Prepare for a successful transition back to work after baby

planning your return to work

When should I go back to work?

There are many opinions out there about when and if parents should go back to work after having a child. The only right thing is what is right for your family but we can share our experiences. Based on our extensive work with infants, toddlers, and families, I believe if you can find and afford high quality care and plan to return to work while your child is an infant it is best for your child to enter care between 4 and 6 months on a consistent basis. Between four and six months children become social and are seeking interaction from peers and adults. High quality group care can provide social interactions, sensory experiences, music experiences, support for families, and a sense of community.

If you plan to wait until toddlerhood we find that the 9-14 month age is the most difficult for a child to transition to a new school. An intentional school will help your child transition and they will adjust but this is a more challenging time for children developmentally. If you plan to return to work when your child is a toddler consider waiting until around 18 months of age. Expect that children between 8 and 24 months will need more time and care to transition into a new routine at school.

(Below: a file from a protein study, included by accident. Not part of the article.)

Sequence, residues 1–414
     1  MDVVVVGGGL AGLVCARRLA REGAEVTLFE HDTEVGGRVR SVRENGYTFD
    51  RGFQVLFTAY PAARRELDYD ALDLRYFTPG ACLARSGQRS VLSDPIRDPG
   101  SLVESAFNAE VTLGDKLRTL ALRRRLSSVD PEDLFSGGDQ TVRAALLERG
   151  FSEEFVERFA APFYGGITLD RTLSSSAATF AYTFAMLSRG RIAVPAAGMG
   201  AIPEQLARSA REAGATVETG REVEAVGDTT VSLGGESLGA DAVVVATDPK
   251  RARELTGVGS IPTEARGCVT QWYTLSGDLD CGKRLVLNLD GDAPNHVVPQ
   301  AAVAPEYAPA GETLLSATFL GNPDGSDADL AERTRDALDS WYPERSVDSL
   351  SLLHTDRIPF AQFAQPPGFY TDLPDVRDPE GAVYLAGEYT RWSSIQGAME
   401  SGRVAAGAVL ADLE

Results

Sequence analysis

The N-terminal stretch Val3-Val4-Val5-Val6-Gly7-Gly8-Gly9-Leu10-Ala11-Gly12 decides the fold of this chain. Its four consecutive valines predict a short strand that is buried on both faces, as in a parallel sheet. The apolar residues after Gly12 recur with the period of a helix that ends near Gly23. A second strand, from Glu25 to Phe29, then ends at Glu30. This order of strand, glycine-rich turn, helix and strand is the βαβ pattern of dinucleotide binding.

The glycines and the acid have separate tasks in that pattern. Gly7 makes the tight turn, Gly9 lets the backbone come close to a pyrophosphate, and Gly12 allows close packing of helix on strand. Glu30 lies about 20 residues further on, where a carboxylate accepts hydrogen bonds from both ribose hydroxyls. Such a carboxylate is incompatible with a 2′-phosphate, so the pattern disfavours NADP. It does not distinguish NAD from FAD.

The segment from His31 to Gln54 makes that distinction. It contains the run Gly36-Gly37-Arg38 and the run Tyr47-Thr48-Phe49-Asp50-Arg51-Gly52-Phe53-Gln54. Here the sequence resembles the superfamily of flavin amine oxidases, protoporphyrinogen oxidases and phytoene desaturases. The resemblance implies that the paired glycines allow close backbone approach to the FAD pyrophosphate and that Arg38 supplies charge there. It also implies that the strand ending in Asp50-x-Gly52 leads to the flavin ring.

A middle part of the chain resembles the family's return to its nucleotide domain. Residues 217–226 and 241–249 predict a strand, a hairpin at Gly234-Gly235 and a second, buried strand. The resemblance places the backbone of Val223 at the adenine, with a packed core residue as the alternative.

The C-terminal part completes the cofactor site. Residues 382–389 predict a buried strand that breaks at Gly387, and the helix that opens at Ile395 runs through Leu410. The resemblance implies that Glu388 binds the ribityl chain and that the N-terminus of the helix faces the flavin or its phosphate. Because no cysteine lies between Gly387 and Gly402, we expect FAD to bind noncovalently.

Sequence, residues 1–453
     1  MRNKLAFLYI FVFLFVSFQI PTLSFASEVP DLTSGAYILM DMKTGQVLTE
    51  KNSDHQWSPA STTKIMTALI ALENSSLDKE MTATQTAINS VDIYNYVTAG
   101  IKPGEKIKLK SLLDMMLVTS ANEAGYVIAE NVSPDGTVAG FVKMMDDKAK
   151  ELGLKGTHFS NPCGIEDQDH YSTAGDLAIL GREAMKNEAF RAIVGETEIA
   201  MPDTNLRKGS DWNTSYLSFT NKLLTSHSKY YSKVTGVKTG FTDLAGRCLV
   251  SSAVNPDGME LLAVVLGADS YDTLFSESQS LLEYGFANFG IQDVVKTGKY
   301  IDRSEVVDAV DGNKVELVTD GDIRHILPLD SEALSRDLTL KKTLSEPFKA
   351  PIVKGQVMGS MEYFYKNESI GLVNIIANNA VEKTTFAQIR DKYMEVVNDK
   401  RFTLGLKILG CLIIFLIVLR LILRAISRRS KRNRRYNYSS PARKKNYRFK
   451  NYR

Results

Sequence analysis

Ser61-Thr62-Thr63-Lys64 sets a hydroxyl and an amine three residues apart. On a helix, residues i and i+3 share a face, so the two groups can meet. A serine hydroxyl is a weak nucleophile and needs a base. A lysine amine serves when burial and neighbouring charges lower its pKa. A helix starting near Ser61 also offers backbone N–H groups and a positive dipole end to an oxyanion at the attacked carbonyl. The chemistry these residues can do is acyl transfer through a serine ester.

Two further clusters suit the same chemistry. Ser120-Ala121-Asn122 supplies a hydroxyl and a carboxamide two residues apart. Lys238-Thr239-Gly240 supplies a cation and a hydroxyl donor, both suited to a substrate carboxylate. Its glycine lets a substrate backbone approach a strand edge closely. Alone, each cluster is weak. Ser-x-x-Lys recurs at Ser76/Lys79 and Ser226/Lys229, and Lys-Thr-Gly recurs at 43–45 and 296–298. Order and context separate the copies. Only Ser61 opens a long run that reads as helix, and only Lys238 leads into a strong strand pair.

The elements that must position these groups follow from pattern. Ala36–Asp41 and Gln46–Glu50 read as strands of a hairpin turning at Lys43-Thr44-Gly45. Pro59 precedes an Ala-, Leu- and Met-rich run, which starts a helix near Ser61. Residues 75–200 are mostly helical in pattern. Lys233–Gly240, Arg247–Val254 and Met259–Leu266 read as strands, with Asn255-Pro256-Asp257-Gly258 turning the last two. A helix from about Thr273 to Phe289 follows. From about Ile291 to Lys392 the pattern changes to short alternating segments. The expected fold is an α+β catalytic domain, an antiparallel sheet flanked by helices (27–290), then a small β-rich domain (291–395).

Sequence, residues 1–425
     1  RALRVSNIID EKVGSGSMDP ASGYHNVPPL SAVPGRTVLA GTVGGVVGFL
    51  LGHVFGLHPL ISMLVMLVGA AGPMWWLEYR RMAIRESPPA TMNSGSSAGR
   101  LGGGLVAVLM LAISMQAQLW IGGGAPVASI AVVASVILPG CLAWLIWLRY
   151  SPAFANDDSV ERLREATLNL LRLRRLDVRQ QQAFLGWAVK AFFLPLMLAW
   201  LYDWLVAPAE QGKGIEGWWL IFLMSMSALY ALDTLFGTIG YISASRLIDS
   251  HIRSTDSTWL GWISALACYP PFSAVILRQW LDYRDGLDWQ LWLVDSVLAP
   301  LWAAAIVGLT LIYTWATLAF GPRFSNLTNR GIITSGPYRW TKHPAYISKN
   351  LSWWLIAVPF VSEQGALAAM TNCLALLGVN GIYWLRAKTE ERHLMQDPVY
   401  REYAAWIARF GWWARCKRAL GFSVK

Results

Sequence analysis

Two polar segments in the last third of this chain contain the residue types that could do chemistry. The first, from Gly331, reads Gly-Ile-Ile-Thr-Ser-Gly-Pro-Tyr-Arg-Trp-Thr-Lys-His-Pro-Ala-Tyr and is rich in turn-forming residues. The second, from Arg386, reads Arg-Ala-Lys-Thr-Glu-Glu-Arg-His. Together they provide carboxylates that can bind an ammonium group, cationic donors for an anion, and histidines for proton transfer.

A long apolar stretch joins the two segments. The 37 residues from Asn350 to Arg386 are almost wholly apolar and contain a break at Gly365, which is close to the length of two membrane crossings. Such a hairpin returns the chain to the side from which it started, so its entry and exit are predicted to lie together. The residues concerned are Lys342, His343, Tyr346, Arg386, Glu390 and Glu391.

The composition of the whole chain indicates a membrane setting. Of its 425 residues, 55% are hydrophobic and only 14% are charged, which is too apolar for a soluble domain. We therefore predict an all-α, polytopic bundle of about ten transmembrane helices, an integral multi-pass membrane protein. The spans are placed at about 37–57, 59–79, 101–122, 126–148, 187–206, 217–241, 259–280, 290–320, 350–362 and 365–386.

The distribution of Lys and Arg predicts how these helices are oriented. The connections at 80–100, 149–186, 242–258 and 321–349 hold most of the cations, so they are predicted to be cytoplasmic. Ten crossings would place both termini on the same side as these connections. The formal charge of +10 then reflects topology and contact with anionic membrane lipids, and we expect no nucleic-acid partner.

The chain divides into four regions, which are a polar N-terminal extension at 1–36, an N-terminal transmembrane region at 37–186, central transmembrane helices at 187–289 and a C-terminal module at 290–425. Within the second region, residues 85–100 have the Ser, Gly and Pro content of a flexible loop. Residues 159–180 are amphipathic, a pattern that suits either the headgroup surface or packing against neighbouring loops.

A Smooth Transition for Your Child

Setting your child up for success means making sure they have everything they need to be ready for school. Clothes, food, comfort items, and family photos can be readied for the first day. Intentionally write down any pointers for your child’s teacher to ensure a smooth transition. The school may have practices to support this transition like a getting to know you sheet, visit time, orientation, or home visit.

For young infants, less than six months, the transition to school will likely be fairly simple. It will be helpful if your child gets an opportunity to meet their caregivers and see the environment but mostly the change will impact parents.

Older infants and toddler need an intentional transition which will be most successful if it includes spending time with you at school. Visiting for a few hours, few days, or even a few weeks can help your child adjust to the new school environments. Many families find it easier to have the first week or so be shorter days to give the child time to adjust. Your role when helping your child on the first visits to your child’s new school is to be a secure base.

We find families are most successful if they find a place down on the floor to sit and allow their child to move from their lap when they are ready and return to their parent’s lap as they need. By staying in one spot your child can feel secure in knowing they can return to you. Being on the floor is best because even if your child chooses to be in your lap when you are sitting on the floor you and your child are in the action of the new classroom. The school environment should be safe for your child so you do not need to follow them as they explore.

Be clear with your child about time using terms the child can understand, “I’m going to play with you at school all morning, we will go home for lunch.” or “Today I’m going to play until morning snack then I’m going to say goodbye, I’ll pick you up at lunchtime today.” If your child is feeling secure you may choose to shorten this transition period. There is no right or wrong way to start a new school. You know your child best, so attune to their needs to plan for their success.